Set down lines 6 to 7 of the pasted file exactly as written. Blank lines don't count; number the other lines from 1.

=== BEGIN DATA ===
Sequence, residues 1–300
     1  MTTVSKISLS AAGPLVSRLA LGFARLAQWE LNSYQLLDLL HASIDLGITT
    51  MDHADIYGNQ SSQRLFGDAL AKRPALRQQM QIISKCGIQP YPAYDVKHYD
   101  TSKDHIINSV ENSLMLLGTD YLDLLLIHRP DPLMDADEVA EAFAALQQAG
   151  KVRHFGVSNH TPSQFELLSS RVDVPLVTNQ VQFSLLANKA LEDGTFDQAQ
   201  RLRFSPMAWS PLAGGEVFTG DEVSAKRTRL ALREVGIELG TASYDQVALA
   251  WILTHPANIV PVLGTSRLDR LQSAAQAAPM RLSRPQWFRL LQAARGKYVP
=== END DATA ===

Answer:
   201  RLRFSPMAWS PLAGGEVFTG DEVSAKRTRL ALREVGIELG TASYDQVALA
   251  WILTHPANIV PVLGTSRLDR LQSAAQAAPM RLSRPQWFRL LQAARGKYVP